How Do We Create An Actor?

Now that we have an actor system, the next thing we need to do is create some actors that will live within the actor system. I used the word live as a ownership type of arrangement.

So how do we create an actor exactly?

Well luckily this to is dead simple we just need to inherit from Actor and provide an implementation for the receive method to handle the different messages that may be sent to the actor.

Recall that an actor works by receiving messages and acting upon them.

Here is what the skeleton code may look like:

import akka.actor.Actor

class HelloActor extends Actor {
  def receive = {
    //DO THE MESSAGE HANDLING HERE
  }
}

We will talk more about the receive method in a while, for now just know that you must implement this method for an Akka actor to work correctly

Difference Between Tell And Ask

Just before we get on to seeing the examples, lets just take a brief diversion where we talk about the difference between ask and tell.

When we ask (? method in scala) an actor we expect a response by way of a Future[T], this is an asynchronous operation.

When we tell (! method in scala) an actor something this is analogous to fire and forget (of course the receiving actor could send a response back to the initiating actor via a different message, but that’s a different story), this is an asynchronous operation that returns immediately.

Sender

We have not covered this ground yet but we will in one of the subsequent posts, but for now all you need to know is that when you are sending messages to an actor, you do so by a construct called actorRef which is a kind of like a handle to an actor.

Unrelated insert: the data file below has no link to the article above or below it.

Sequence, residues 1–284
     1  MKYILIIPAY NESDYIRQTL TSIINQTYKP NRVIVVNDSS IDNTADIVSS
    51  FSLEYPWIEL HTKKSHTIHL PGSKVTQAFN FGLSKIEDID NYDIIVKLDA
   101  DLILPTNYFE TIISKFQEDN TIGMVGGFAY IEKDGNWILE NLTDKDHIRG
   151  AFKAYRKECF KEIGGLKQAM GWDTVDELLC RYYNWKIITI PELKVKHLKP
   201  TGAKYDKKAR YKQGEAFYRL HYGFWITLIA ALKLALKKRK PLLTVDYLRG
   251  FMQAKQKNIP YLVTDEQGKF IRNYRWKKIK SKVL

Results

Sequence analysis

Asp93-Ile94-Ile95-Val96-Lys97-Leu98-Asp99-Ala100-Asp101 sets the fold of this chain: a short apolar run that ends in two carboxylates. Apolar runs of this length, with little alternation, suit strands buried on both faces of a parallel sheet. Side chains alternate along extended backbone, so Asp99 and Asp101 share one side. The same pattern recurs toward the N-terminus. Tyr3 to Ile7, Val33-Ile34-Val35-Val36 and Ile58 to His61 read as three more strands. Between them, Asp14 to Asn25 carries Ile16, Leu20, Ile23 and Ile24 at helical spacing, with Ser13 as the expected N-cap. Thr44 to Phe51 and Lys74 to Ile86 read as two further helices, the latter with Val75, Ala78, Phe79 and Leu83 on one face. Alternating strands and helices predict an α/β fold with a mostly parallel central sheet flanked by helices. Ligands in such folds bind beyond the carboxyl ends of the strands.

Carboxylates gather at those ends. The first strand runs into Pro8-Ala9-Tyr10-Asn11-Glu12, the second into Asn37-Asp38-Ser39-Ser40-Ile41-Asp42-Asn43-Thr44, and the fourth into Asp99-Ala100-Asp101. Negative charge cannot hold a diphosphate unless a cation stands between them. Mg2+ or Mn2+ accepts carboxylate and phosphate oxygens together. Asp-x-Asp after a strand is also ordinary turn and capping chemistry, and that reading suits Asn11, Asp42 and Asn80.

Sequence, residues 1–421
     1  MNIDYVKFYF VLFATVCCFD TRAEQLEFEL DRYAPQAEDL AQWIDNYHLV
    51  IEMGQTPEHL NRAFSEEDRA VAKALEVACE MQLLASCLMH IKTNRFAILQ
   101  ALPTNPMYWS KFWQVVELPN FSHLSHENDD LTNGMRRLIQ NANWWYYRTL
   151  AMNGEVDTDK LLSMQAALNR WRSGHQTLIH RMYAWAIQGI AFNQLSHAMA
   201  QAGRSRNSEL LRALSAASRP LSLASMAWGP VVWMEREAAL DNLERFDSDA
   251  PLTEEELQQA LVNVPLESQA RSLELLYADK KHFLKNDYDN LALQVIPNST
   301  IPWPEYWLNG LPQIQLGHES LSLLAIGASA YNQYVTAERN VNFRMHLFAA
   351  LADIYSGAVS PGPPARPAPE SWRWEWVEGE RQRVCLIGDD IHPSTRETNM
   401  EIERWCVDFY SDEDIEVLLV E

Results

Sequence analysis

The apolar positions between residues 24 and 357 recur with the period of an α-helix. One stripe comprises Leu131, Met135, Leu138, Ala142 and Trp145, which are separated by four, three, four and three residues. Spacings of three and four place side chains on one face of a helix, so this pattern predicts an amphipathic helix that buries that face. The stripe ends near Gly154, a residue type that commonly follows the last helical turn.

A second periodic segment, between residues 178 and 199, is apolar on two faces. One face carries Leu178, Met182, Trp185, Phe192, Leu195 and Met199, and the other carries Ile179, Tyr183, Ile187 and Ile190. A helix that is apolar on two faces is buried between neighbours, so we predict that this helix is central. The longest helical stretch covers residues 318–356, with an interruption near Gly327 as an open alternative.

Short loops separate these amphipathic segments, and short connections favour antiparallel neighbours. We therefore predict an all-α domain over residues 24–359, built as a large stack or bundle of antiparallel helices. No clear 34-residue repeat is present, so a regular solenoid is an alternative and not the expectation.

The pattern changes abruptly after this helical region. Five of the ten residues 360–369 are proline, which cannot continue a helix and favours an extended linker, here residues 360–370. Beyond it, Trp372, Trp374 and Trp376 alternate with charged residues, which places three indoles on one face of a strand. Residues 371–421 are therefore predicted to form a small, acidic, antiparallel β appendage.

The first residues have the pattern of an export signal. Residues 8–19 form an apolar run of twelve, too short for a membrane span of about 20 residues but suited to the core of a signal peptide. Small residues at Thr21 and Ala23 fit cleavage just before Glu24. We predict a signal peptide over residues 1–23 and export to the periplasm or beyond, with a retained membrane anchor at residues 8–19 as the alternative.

There are special types of actorRef one such case being “sender” who is the initiator actorRef of the message being received (if we are talking from the context of the receiving actor). You will see “sender” used in the examples below.

How Do We Send A Message To An Actor?

Here is how we would send a message to an actor. This is a tell (!) so is fire and forget.

import akka.actor._
import akka.pattern.ask
import akka.util.Timeout
import scala.concurrent.{Await, ExecutionContext, Future}
import scala.concurrent.duration._
import scala.language.postfixOps
import scala.io.StdIn
import scala.util.{Success, Failure}
import ExecutionContext.Implicits.global

object Demo extends App {

  //create the actor system
  val system = ActorSystem("HelloSystem")

  // default Actor constructor
  val helloActor = system.actorOf(Props[HelloActor], name = "helloactor")

  //send some messages to the HelloActor (fire and forget)
  helloActor ! "hello"
  helloActor ! "tis a fine day for Akka"

  //shutdown the actor system
  system.terminate()

  StdIn.readLine()
}

Where we have the following HelloActor implementation

import akka.actor.Actor

class HelloActor extends Actor {
  def receive = {
    case "hello" => println("world")
    case _       => println("unknown message")
  }
}

See how for this simple actor we only ever deal with 2 things in the receive method

  • “Hello”
  • Anything else

It is consired good practice to ensure that you handle the correct messages and deal with unknown messages too

How Do We Wait For A Response From An Actor?

So we just saw a tell (fire and forget) but how about an ask. This is slightly harder but not much, we simply have to deal with the fact that a Future[T] will be the result of an ask. There are numerous ways of dealing with that, assuming we have the following actor